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Playground equipment sits empty at Telluride Intermediate School on Jan. 9, 2020. (William Woody, Special to the Colorado Sun)

San Miguel County on Thursday restated its commitment to a first-of-its-kind partnership with a company providing free COVID-19 testing to anyone who lives in Telluride or the surrounding area, reversing an announcement earlier in the week that health officials were suspending the project.

The county on Tuesday said in a now-deleted news release that it was temporarily shutting down testing because the lab of United Biomedical Inc., which is providing the tests, had been “compromised due to virus.” Hours later, United Biomedical said it was not compromised and that its labs were “constantly working around the clock to process results from our friends and neighbors.” 

San Miguel County walked back its suspension Thursday afternoon and apologized for confusion caused by earlier statements.


The latest from the coronavirus outbreak in Colorado:

  • MAP: Cases and deaths in Colorado.
  • TESTINGHere’s where to find a community testing site. The state is now encouraging anyone with symptoms to get tested.
  • VACCINE HOTLINE: Get up-to-date information.


“The indication that the lab was compromised was unintentionally misleading and the county apologizes for any confusion it created,” the news release issued Thursday reads. “San Miguel County remains confident in the quality of test results from UBI.”

(Health officials have declined to comment further as they work through containment and testing plans for the county, which on Thursday reported its 11th case of COVID-19, the disease caused by the coronavirus.)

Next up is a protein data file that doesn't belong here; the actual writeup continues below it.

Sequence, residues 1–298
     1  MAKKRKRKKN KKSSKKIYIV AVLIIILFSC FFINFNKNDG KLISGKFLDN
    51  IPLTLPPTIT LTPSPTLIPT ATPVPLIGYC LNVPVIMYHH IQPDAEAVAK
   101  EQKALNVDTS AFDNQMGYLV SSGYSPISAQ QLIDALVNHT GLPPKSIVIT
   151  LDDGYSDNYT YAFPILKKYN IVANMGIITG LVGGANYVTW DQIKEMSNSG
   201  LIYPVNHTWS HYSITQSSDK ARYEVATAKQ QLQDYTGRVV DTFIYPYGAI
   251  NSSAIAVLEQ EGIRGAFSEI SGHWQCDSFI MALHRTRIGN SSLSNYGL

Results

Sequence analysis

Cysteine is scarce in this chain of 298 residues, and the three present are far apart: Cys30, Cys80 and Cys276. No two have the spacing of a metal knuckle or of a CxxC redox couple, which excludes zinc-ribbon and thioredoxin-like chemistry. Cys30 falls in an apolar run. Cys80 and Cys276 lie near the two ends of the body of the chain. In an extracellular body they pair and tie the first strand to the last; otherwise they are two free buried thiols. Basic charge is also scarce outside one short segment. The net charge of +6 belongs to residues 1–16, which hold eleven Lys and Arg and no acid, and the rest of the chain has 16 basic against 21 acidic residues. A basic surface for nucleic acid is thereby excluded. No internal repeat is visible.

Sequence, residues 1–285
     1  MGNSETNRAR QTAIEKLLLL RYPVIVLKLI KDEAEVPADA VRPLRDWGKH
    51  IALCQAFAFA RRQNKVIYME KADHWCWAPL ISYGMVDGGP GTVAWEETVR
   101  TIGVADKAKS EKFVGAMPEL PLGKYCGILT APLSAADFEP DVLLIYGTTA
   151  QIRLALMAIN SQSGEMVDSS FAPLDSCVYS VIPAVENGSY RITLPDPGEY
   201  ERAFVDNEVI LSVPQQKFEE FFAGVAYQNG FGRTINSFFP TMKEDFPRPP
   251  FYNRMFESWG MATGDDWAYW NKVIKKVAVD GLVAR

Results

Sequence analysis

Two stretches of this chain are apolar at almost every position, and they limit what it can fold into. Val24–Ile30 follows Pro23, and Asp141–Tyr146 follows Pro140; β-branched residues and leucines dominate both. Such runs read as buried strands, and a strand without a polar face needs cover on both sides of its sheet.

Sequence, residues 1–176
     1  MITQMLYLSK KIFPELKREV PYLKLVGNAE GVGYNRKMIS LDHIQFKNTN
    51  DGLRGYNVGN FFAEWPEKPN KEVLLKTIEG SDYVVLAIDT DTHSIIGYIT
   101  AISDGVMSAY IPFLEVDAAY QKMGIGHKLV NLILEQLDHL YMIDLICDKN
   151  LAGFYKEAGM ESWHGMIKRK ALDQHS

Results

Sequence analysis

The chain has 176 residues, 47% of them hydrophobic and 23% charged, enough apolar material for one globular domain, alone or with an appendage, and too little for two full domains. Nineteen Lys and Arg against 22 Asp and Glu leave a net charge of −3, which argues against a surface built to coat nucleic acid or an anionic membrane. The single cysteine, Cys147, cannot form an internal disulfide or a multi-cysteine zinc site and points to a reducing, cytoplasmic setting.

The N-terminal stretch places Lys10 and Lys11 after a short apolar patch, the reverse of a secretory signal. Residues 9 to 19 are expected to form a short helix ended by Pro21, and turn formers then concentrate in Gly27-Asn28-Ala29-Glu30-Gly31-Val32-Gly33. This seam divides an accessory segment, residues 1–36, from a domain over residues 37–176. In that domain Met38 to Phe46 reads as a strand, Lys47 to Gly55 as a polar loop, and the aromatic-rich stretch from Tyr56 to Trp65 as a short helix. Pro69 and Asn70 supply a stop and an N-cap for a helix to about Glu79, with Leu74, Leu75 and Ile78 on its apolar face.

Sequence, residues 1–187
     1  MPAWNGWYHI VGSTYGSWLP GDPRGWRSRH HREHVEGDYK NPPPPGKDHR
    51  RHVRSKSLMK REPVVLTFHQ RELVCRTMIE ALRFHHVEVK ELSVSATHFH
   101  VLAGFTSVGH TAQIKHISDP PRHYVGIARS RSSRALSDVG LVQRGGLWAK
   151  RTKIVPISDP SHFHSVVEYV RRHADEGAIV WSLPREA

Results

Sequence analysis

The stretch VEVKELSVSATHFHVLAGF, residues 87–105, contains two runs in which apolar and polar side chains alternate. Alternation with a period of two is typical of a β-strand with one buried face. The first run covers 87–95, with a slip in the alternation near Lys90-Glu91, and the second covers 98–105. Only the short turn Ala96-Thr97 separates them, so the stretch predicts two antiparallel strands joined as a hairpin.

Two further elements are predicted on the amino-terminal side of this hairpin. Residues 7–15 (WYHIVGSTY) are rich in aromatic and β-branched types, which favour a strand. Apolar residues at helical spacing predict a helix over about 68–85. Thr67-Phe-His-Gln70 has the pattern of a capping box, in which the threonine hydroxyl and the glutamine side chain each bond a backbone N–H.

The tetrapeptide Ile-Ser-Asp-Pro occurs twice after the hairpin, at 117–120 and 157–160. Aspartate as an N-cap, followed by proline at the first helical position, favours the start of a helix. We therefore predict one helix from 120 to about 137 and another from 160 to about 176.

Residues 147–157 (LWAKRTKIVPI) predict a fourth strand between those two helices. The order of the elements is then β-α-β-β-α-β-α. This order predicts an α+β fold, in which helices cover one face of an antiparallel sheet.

San Miguel County and United Biomedical made international news last month with a plan to screen everyone in the county twice with a new blood test. A subsidiary of the company owned by part-time Telluride residents Mei Mei Hu and her husband, Lou Reese, created the test and offered 15,000 to the county free of charge.

Hu and Reese said they would send samples voluntarily provided by the county’s roughly 8,000 residents to United Biomedical labs in California and New York. 

The testing was announced before San Miguel County had any confirmed coronavirus cases among residents. The county was among the first in Colorado to announce a lockdown as it prepared for contagion in the box canyon of Telluride, population 2,500, and other rural corners of the county. 

The promise of testing an entire population of people — whether or not they were showing symptoms of the coronavirus — resonated nationally as a way to more wholly examine the disease’s fatality rates and spread. Sporadic testing of mostly sick people has left many unknowns in the battle to prevent the spread of COVID-19, forcing policymakers to pursue sweeping closures to thwart worst-case scenarios, including the March 14 shutdown of all Colorado ski resorts.